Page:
She also says: “I don’t have a huge concern for decorative items that children don’t interact with. The exceptions for this are things that “chalk” or create lead dust easily: “crystal, lead painted items (including works of art / paintings), leaded brass and lead lines in leaded [stained] glass. Paintings should be behind glass. Vases are not a huge concern – I am fundamentally against decor that is not a family heirloom or fine art (I think we don’t need that kind of clutter in our house.)” Basically, anything with high lead can shed dust.
PREVENTING LEAD EXPOSURE
There are some simple steps you can do to prevent or minimize lead exposure.
- Wash hands often, especially before eating, when coming home, and before going to bed. This is very important for children.
- Remove shoes before coming into your house.
- Damp dust or mop your home instead of dry dusting or sweeping.
- Vacuum with a HEPA vacuum.
- Eat a healthy diet with variety. Studies have shown that vitamin c, calcium, and iron may help prevent lead absorption in children.
- Do not store or serve food or drinks in imported pottery or leaded crystal.
- Be aware of the products you are buying and where they are made.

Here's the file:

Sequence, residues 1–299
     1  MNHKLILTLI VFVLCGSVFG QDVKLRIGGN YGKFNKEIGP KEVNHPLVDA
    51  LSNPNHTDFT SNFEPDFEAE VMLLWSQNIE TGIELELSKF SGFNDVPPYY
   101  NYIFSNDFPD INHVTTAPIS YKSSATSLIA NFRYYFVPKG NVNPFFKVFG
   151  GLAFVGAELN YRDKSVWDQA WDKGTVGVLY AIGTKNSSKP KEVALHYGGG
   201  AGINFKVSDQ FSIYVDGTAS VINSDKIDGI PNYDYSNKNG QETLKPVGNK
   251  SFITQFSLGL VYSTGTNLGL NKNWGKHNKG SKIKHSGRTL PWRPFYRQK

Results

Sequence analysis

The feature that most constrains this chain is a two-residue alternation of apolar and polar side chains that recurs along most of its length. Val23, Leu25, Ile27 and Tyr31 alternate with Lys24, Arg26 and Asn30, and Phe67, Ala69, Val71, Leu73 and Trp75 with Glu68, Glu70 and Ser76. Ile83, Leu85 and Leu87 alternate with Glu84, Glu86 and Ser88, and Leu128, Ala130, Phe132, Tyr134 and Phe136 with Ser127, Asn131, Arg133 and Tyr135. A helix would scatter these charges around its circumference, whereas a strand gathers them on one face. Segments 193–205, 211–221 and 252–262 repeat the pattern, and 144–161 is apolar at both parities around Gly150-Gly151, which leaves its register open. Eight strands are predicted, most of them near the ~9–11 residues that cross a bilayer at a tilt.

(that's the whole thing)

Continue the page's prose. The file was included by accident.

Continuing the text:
- Keep in mind that lead can be inhaled and that is a dangerous route of exposure.
Preventing Absorption of Lead in Food (this is also in my salt blog):
I think most people would say that as long as you have a good rotation of foods, you don’t need to worry about it too much unless you eat a lot of high lead foods. If you don’t have history or current exposure to heavy-metals, it’s probably not as much of a concern. Children absorb more than adults, and pregnant women can transfer lead from food they eat to their unborn babies. Personally I do ask for COAs (Certificate of analysis) for anything that might contain lead.
This isn’t about worrying that food will cause lead poisoning. Some people choose to avoid lead because it’s toxic in minute amounts. And just because some people consume or are exposed to lead and test ND, certainly does not mean that whatever they ate was safe and it doesn’t affect anyone. Some people choose to avoid lead because it’s extremely toxic, not because we are afraid of lead poisoning or because it’s all or nothing. It’s important to consider taking a close look at products we use a lot, and some people eat quite a bit of the same foods every day. I make the best effort I can even when there are #noperfectoptions